With over 2 million acres of southern Idaho farm land receiving its irrigation water from snowmelt and reservoir storage, the University of Idaho has developed a statistical approach that projects the probability and severity of water shortages down to the irrigation-district level in the major potato-growing areas.
In the past, these surface-water irrigators have relied on basin-wide estimates to project their upcoming season's water supplies.
Now, U of I Agricultural Engineer Brad King, Ralph Oborn, senior scientific aide, and economist Chris McIntosh have developed a statistical approach to the problem.
Projections for 2005, which incorporate each district's water-rights priority dates along with each basin's hydrology, are now available. They may be obtained at: http://extension.ag.uidaho.edu/droughtpredict. January predictions will be updated for February, March and April.
While basin-wide water supply estimates are available from federal and state water resource agencies, an individual producer's water supply can be vastly different due to water-rights priority dates. This determines how water is distributed among users, says King.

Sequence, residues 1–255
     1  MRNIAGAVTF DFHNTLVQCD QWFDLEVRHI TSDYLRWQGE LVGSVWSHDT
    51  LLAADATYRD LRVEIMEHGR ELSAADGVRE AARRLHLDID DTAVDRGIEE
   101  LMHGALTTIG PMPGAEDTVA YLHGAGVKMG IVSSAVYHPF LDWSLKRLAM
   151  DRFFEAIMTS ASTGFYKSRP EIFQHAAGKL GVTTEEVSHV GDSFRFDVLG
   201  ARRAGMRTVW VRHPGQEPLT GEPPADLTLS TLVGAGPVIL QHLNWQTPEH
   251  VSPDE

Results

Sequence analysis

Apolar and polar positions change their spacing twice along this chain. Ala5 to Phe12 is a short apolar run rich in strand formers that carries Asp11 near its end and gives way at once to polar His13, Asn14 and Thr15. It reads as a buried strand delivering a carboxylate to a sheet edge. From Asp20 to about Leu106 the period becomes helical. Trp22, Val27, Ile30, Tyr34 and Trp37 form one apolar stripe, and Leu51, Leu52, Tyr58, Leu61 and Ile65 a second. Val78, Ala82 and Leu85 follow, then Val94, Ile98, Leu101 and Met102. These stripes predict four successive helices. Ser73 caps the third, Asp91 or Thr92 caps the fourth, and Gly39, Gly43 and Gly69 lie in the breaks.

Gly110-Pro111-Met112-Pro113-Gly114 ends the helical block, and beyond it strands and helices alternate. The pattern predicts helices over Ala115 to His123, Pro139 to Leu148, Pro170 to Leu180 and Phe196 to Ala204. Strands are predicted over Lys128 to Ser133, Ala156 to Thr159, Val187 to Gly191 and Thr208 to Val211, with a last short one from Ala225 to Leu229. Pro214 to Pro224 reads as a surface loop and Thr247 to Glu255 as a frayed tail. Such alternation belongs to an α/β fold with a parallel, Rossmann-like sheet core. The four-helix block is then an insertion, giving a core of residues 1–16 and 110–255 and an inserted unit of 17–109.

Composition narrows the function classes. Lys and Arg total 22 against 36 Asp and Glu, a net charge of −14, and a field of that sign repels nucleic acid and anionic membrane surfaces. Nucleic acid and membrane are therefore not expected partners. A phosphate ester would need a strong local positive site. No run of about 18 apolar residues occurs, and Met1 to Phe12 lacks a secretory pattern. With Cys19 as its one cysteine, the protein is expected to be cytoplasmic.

"In order for producers to manage risk during drought conditions, they need to know the interaction between water rights and total water supply," he stated.
Also on the Web site, growers facing water shortages can find information developed by Stephen Love, Jeff Stark and other U of I potato scientists that will help them make water-stretching changes in their management and select less water-demand varieties.
Growers can click on UI field-trial results describing yields per inch of irrigation, evaluating different varieties for drought tolerance and comparing reduced-irrigation methods.